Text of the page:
featured image

Sarah Torbeck offers a unique perspective on the marriage sacrament—before and after the loss of her husband. 

“I am a widow.”  

The first moments after Steve died, I stared into the cold, morning light, and whispered those final words more to myself, than to my family—who were still reeling with shock from the finality of Steve’s death.  

I had never spoken the words before; I had never even practiced saying them, although I had been allowed a grace period of several days to come to terms with the fact that my husband, Steve, was dying. The idea of widowhood had never really become part of my mental framework until that time.  Yet now, it was utterly relevant and even defining.  

It has been almost three years since I uttered those final words, and I find myself still intrigued by their meaning, and their effect. 

Soon after Steve died, I was besieged with advice and maxims, affection and stern warnings. All were received with a grateful heart, for I knew they were offered with love and good intentions. But there was one prescription that never quite made its way into the dusty files of my memory banks:  

“Don’t let the word ‘widow’ define you. You are more than that.” 

I have never been really sure what the goal of that statement was, but it has always stayed with me, and I think of it often.  

I just recently scheduled another Mass for my husband for this November (the traditional time for the Church to offer special prayers and devotions for the dead), and I found myself pondering the label, the role, the vocation of … widow. 

Long before my husband’s death, I had met and fallen in love with the man, married him, given him children, raised a family with him, ironed his uniforms every morning, listened to his joys and sorrows at night. I had celebrated with him; I had grieved with him. There was nothing we had not done together.  

Only … now we are no longer together.  Perhaps this is the most tangible descriptor for what it means to be a widow. I am separated from the one who was “bone of my bones, and flesh of my flesh” (Genesis 2:23). In those first few months of widowhood, I wasn’t even sure if I could survive without the soul of the man that had become so deeply entwined with my own.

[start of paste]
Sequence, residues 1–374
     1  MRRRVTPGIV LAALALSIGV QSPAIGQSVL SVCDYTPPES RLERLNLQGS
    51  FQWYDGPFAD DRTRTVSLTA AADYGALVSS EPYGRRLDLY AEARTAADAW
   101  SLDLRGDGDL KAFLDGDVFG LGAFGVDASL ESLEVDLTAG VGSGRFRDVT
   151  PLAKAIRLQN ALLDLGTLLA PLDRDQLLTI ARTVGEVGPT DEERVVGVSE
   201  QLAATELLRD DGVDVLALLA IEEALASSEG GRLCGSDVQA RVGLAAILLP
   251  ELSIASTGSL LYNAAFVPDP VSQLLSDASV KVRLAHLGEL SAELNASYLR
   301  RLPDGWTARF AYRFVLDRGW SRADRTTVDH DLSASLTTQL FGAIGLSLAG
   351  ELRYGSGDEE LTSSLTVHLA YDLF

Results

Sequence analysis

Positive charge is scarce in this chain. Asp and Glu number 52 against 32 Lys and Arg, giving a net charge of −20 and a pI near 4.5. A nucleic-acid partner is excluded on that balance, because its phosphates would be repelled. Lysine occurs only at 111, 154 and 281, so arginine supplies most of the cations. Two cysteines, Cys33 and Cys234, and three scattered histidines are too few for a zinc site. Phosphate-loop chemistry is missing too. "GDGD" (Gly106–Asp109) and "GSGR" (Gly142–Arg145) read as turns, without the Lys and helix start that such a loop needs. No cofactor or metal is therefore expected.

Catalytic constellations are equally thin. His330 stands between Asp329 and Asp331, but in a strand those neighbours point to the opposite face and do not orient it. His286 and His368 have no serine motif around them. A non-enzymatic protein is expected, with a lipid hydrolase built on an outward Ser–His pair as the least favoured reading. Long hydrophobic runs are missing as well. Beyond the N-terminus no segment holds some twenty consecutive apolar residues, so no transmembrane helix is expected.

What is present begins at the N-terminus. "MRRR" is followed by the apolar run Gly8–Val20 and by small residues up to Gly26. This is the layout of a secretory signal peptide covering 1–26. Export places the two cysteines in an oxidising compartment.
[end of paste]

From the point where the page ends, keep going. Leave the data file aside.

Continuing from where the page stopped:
But God is good, for suffering illuminates, and wisdom descends. 




My marriage to Steve is in the rearview mirror now, but this has provided me with an unusual perspective that is imbued with a richer and deeper understanding. So, allow me to offer you a rare glimpse into the other side of the Sacrament. 

Once upon a time, the marriage I shared with Steve was celebrated before God and witnesses. We strived to live out our Marriage Sacrament with love, prayer and (truckloads) of patience. Yet within the business of living, we often forgot that the Sacraments are capable of producing grace—huge quantities of grace—if we cooperate with God’s plan. 

In our case, that is exactly what happened. How do I know this? How can I be so sure of this? I know … because I am still engulfed in that river of grace that flowed from our Sacrament. I can feel it swirling around me, as it travels downstream and into the lives of the family and friends … and even my readers … who have remained in this world with me. It has sustained us, and lifted us up, as we continue on this pilgrimage without the physical presence of their father, their loved one, their friend … my husband. 


Click to tweet:
Widowhood is a vocation that should be embraced, against all preconceived notions, and incorporated into the fabric of human experience as a witness to future generations. #CatholicMom



As November presses on, you’ll probably find me in church … attending Mass, lighting a candle, praying—and yes—still loving my husband with all that God allows. 

This, then, is what it means to be a widow: to keep the candle burning, the traditions alive, and stand as a witness to Ancient Wisdom. For the Sacraments were given to us to provide an abundance of supernatural grace—that nurtures, enlightens and heals the human soul. 

And to my well-meaning friends who reminded me to be something more than a widow … I think I will respectfully pass on that advice. Widowhood is a vocation that should be embraced, against all preconceived notions, and incorporated into the fabric of human experience as a witness to future generations … that God bestows, enlightens and sustains. 

In the final analysis, my widowhood is immutable, and I am not “more than” the word widow. 

In fact, … it is more than me. 



Copyright 2023 Sarah Torbeck
Images: Canva